Farewell Old Stringy is the story of three men and their struggle to maintain their crumbling relationships.
Colin and Bradach are old childhood friends who have grown to lead drastically different lives, presently finding it difficult to connect. Their friendship undergoes more pressure when they encounter Davey, an old homeless man whose imaginary friend, Stringy, has decided to commit suicide.
Together, they throw a goodbye party for Davey's invisible sidekick. Colin and Bradach, however, do not understand the reason for Stringy's departure. What does it signify for Davey?
By the end of the film, the three men arrive at a critical juncture, and in the face of uncertainty, each try to understand what Stringy's death means to them.
To be filmed in the quaint college town of Charlottesville, Virginia, Farewell Old Stringy is an original, powerful exploration of life, death and the importance of companionship in an increasingly isolated world.
Taylor Ballard (Colin) is a junior at Virginia Commonwealth University pursuing a BFA in Theatre. His college credits include Wake Up Calls (VCU), The Problem (VCU), and Winning It (a New Voices production headed by the Sparc Theatre Company in Richmond, VA). He performed the lead role in Kidney Beans, an independent film directed by R.J. Haynes, and has appeared in You Can’t Take it With You as Paul, The Diary of Anne Frank as Otto, and Doubt as Father Flynn. Taylor is very excited to be a part of this new project led by his dear friends Alex Rafala and Lauren Lukow.
Ian Lindsay (Bradach) is a third-year B.A. Drama student at the University of Virginia. While at U.Va., he has performed in numerous department productions, including Elephant’s Graveyard, Rhinoceros, Spring Awakening, You Can’t Take it with You, and most recently, An Enemy of the People. Also while at U.Va., Ian has appeared in Much Ado About Nothing (Reckless Bard Productions), The Music Man (First Year Players), and Mountain Language, through the University’s Anthropology Department. Ian has performed with a long-form improvisational group at the University, as well as writing and performing with an independent sketch comedy group. Film credits include Talisman (Adrenaline film competition), Helen (U.Va. filmmakers society), and Projector Piece (2nd Street Art Gallery). Throughout his career at U.Va, he has worked extensively with his fellow Farewell to Old Stringy cast members, and is very excited to be tackling this project alongside men he considers close friends.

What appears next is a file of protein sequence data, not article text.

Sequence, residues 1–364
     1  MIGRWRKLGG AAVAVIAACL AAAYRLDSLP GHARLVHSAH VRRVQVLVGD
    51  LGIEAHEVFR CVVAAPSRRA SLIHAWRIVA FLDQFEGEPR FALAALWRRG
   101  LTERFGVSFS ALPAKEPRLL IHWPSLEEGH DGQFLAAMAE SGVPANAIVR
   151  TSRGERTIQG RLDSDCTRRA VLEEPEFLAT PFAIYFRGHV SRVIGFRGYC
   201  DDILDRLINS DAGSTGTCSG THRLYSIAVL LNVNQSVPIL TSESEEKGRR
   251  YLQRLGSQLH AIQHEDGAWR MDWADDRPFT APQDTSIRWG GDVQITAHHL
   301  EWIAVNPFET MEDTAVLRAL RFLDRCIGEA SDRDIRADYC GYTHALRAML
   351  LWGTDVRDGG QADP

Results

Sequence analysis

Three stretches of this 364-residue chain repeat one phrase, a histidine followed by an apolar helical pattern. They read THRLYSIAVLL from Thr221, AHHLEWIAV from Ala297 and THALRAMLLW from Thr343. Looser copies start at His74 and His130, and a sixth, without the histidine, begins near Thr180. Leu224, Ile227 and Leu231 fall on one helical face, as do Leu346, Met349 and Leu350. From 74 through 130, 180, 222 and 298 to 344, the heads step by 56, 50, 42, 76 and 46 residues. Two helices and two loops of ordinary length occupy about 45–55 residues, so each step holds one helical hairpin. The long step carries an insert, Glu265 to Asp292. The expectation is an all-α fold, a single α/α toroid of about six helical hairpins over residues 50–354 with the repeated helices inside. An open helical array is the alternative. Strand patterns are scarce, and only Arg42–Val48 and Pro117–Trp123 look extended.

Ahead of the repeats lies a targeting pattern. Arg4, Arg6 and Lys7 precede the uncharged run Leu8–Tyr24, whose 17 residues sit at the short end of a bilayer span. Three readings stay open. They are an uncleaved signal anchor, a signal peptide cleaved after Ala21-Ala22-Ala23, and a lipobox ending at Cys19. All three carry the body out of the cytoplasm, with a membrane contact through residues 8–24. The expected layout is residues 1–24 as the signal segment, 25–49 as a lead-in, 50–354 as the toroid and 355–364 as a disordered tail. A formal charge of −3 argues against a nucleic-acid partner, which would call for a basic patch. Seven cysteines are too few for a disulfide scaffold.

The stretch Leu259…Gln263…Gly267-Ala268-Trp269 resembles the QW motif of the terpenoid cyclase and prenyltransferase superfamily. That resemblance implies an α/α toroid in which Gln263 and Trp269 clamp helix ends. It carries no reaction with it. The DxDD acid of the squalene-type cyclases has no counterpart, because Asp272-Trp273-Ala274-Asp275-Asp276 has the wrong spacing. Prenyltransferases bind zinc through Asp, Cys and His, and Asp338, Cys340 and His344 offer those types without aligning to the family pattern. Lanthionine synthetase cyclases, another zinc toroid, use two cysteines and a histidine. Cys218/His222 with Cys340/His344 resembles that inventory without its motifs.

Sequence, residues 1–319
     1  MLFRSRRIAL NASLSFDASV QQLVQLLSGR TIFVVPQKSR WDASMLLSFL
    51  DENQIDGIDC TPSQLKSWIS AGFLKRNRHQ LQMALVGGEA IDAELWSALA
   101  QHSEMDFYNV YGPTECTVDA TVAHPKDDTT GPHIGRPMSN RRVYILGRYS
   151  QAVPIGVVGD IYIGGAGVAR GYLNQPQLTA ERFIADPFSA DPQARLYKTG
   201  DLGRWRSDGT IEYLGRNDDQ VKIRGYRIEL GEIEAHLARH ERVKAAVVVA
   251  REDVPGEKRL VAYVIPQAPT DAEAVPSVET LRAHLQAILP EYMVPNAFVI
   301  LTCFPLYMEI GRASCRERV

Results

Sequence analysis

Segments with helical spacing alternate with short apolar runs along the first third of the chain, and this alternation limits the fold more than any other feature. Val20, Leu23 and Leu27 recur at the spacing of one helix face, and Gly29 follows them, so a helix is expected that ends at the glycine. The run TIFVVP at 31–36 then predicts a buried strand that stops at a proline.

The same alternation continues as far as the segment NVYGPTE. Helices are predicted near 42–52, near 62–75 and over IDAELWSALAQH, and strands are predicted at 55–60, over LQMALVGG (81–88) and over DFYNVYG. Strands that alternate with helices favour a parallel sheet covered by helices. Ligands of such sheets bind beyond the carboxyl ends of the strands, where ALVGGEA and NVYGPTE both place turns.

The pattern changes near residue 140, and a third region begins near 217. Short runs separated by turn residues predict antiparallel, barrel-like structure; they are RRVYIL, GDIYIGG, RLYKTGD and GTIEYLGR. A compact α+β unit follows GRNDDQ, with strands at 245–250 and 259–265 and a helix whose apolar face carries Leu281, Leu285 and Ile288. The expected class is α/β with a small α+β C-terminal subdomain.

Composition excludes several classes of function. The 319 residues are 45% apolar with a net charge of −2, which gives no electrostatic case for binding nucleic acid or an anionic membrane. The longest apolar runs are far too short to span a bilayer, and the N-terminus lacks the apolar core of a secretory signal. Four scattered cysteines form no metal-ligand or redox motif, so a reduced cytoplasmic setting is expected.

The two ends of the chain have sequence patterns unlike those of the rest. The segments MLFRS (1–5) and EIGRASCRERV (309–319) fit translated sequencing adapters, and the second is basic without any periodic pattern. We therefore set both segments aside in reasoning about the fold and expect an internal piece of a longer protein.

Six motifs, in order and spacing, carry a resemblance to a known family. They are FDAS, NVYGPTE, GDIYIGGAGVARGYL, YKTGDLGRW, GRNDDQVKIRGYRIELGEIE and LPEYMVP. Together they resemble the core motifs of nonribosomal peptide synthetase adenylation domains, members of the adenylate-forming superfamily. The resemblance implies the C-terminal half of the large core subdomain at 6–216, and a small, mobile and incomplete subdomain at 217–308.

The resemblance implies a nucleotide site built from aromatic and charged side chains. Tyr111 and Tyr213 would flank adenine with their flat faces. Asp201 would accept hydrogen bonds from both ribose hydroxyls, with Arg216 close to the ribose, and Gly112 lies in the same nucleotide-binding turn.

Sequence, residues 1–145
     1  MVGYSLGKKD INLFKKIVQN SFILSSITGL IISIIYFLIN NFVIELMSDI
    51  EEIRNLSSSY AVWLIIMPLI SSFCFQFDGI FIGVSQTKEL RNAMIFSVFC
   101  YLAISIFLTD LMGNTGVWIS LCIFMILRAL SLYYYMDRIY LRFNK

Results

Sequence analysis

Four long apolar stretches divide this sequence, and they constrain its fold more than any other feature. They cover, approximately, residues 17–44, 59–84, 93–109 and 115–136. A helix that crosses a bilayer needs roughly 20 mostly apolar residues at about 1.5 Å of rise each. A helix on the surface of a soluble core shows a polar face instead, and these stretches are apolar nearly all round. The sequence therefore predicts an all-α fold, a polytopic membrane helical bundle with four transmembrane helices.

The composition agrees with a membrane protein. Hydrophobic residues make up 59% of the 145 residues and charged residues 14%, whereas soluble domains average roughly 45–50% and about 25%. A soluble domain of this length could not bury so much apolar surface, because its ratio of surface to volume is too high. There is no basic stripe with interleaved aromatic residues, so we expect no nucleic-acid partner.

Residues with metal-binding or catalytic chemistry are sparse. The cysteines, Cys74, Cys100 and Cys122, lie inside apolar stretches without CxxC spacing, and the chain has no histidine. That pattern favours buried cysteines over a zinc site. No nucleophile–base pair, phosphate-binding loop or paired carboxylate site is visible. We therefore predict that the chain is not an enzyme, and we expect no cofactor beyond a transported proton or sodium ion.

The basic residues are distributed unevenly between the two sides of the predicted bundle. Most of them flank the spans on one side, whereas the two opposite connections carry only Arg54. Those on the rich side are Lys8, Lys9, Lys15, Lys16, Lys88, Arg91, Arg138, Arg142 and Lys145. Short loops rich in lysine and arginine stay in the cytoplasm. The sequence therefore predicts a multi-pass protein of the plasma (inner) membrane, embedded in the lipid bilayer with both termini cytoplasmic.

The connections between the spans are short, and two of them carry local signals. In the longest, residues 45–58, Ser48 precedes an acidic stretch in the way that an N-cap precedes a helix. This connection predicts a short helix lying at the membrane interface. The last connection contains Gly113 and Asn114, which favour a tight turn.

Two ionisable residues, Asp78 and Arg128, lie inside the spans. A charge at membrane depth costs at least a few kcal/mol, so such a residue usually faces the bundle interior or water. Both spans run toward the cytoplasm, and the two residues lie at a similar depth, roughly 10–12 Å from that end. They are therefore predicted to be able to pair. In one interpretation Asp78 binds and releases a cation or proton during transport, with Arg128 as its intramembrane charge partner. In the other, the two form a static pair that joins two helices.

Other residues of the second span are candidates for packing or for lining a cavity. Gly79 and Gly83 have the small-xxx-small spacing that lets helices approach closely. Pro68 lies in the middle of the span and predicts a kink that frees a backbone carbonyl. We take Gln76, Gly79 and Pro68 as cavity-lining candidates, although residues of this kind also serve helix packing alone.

Richard Warner (Davey) - While working as an actor in New York City, Richard studied with Michael Howard and Nikos Psacharopoulous and performed at Manhattan Theatre Club, Chelsea Theatre Center, W.P.A. Theatre and Douglas Fairbanks Theatre. He has acted regionally in over one hundred roles in such theatres as Hippodrome State Theater, GEVA Theatre, Florida Studio Theatre, SideShow Theatre Company, Paper Mill Playhouse, P.A.F. Playhouse, Olney Theatre, TheatreVirginia and Heritage Repertory Theatre. Film credits include: Homer Benson in Steven Spielberg’s Lincoln; Dr. Ezra Abbott in Ridley Scott’s Killing Lincoln; Chester Bowles in Killing Kennedy; Marshall Walker in Waking Marshall Walker and Vic LeClue in Patriot Son; produced by former University of Virginia alumni, David Koplan; winner of the 1998 LA Film Fest’s independent short category and selected to show at the Telluride Festival. He appeared as L.P. Everett in the episode, “The 20% Solution” for the television program, Homicide, Life on the Street. Richard received the University of Virginia’s Outstanding Teacher Award in 1991, the Mayo Distinguished Teaching Professorship in 1998 and was selected as an inaugural member of the University Academy of Teaching in 2011. He is a member of Actors’ Equity Association (A.E.A.), Screen Actors Guild/American Federation of Television and Radio Artists (S.A.G.- A.F .T .R.A.).